Wednesday, July 5, 2017

You Know What You Should Do (An IWSG Post)

Hello, all!

It's the first Wednesday of the month, which means it's time for another action-packed installment of the Insecure Writers Support Group!

(I'm assuming that, by now, anyone coming to this blog will know all about the IWSG, but if you're new and you'd like more information, or a complete list of participants, please click on the above link.)

This month's fabulous co-hosts are Tamara Narayan, Pat Hatt, Patricia Lynne, Juneta Key, and Doreen McGettigan.

This month's question asks, "What is one valuable lesson you have learned since you started writing?"


Which I'm kind of answering. Or might be answering. I'm not sure yet. We'll have to see how the post goes.

All right, so, back in New England, I belonged to a writers group. And, for a while, there was a member of this group with whom I would constantly butt heads. If we both attended a meeting, there was a better-than-excellent chance that we would end up having an argument. There was one very simple reason for this:

He thought he knew what every writer should be doing.

Every writer, he would say, should want an agent and a big six (or is it five now? Wasn't there a merge in there somewhere?) publisher. Every writer should want to be on a bestsellers' list somewhere. Every writer should want a movie deal. Every writer should want fame and fortune.

"Otherwise," he would say, "what's the point in being a writer?"

Well, I took great offense at this. Because not every writer is the same. Not every writer wants the same things. In that particular group, we had a few members interested in publishing, but more weren't. It was just the composition of that particular group. There was a woman who composed poetry simply because she liked it, and quite a few members who were writing their memoirs and/or family histories because they wanted their children or grandchildren to have them. They weren't interested in publishing. They wrote for the joy of writing.

And that man just couldn't comprehend it. So we fought a lot. Because he would make these writers feel bad about what they wanted. He would make them feel like something was wrong with them because their goals weren't his goals.

And that pissed me off. So I told him. Loudly. And frequently.

Because I am a firm believer that all writers are different and, therefore, may want different things. And no one gets to decide what those things are but you, the writer.

Because it's your work.

Want to keep everything you've written in a box under your bed? Okay. Want to get yourself an agent and a big six (five?) publisher? Good for you. Want to self-publish your masterpiece? Great. Want to have a bunch of photocopies made at your local Staples to hand out on street corners? Wear sunscreen. Don't know what you want to do? Do the research, talk to the people who have been through it, and then decide.

But always remember that the decision belongs to you. There may be people who don't like it, wouldn't have chosen it for themselves, and think you're crazy, but who cares? As my good friend, Tina Fey, would say...




But that's my opinion. We welcome yours.

37 comments:

  1. Wise words, MJ! Everyone's path is different. Good on you for standing up to that guy. Hope he didn't crush anyone's spirit.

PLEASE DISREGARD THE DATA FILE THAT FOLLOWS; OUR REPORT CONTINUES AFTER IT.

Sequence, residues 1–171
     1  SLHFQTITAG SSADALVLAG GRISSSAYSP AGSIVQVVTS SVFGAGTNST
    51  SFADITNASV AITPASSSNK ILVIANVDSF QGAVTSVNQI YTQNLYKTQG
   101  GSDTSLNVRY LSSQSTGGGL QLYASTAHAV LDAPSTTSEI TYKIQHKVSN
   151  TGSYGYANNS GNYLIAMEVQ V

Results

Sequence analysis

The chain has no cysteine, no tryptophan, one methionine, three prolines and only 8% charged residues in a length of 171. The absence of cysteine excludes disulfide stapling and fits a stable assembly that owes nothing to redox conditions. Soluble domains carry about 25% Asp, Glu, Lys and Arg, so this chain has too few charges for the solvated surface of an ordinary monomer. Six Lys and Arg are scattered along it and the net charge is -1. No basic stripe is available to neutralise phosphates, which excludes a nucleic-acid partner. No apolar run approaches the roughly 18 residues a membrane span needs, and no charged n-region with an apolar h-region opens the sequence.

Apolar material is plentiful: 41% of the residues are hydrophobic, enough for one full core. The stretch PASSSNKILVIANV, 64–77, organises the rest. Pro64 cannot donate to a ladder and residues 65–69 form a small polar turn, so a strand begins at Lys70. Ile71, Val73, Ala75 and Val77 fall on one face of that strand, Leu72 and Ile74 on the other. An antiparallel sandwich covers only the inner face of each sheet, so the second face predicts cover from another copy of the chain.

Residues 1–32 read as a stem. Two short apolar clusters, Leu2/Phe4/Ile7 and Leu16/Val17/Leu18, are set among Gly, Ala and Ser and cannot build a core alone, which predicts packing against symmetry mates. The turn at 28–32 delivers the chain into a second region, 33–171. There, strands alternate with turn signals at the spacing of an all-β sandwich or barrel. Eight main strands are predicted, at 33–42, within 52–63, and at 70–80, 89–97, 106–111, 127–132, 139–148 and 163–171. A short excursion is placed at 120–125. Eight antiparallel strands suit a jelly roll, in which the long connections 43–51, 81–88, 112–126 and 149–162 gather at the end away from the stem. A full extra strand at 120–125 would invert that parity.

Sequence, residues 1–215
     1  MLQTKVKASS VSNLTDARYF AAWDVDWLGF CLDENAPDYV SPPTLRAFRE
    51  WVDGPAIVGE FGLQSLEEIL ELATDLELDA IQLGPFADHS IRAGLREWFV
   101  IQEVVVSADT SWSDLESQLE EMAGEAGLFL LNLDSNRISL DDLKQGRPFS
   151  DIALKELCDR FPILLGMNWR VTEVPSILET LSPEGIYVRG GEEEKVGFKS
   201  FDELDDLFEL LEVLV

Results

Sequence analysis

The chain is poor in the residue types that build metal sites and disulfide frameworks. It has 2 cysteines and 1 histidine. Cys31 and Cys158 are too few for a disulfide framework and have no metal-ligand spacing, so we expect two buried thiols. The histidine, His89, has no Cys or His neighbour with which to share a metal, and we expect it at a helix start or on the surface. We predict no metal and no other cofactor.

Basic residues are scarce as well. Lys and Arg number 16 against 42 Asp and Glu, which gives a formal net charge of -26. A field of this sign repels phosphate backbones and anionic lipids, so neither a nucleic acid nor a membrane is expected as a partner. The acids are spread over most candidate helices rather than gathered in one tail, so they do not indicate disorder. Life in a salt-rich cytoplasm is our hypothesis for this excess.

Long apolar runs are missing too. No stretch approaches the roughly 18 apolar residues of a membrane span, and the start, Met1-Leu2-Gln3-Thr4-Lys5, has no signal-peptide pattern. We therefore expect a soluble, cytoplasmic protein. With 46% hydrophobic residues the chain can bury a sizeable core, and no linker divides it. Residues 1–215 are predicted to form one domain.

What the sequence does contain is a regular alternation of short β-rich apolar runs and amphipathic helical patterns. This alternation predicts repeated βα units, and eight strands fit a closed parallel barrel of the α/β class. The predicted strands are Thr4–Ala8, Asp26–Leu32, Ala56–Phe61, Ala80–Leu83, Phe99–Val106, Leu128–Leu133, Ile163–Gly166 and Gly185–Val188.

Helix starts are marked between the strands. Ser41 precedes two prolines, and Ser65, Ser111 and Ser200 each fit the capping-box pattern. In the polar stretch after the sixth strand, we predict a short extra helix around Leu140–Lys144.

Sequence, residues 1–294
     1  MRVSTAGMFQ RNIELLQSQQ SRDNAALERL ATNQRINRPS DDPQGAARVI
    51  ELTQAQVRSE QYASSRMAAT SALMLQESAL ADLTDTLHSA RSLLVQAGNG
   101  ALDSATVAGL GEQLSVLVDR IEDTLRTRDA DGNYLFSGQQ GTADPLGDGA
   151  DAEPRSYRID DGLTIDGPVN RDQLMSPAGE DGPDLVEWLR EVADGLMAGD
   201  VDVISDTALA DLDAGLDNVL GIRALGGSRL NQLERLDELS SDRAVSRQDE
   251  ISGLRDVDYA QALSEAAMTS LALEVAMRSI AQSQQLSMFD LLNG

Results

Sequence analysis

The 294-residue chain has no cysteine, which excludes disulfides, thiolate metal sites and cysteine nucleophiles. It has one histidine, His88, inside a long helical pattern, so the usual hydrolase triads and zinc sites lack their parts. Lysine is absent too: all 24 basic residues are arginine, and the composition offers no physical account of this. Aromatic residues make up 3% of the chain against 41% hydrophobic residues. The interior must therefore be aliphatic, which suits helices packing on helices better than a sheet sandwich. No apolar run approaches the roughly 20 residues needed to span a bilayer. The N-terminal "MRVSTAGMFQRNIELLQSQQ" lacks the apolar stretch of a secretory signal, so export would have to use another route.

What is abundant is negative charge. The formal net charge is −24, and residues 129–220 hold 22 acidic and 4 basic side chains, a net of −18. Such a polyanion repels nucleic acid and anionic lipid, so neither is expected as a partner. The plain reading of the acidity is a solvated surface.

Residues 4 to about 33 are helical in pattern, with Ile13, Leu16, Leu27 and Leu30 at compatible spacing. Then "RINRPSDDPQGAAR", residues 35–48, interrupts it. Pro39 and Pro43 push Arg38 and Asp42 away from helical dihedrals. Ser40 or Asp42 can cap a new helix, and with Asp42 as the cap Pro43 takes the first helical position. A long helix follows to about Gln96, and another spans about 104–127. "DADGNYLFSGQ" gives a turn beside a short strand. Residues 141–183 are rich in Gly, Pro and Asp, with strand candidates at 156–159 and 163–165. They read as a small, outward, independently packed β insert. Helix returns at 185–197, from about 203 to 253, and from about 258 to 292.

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    1. Thanks, Alex. I hope he didn't, either.

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  2. Indeed! In fact, when I meet a writer who is examining possible roads to publication, I always have the "what do you want" discussion. It's a different road for everyone.

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    1. Yeah, that "What do you want" discussion is so important. I've had quite a few of those talks, too—usually to myself in the mirror, though...

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  3. YES! MJ, I am totally on your side and in your corner. I've had a couple of those conversations before, and have had my share of disdain directed at me for choosing a self-publishing route. It just sets my teeth on edge.

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    1. So yes, I love that disdain. This particular guy was full of it. We fought about that, too.

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  4. Going toe-to-toe with someone who doesn't listen is taxing. Glad you stood your ground and I agree, do what works for you.

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    1. It is taxing. After so many of those encounters, I was just so wiped out and irritated afterward.

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  5. I would've taken offense to that, too. Although, I may want those things. ;) But writers are free to do what they want. We all want different things, for different reasons, as is our right.

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    1. I was pursuing publishing (still am...), and I just so mad that he couldn't be respectful of someone else's desire to not pursue it. Seemed like such a stupid thing to be a jerk about, but I guess that's the definition of 'jerk,' right?

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  6. Awesome post! I whole-heartedly agree. I hate it when a writer states that one way is the right way. We're all different and that's marvelous.

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    1. It is marvelous—and I LOVE that. I love learning about other writers' journeys. Imagine how boring that would be if they were all the same.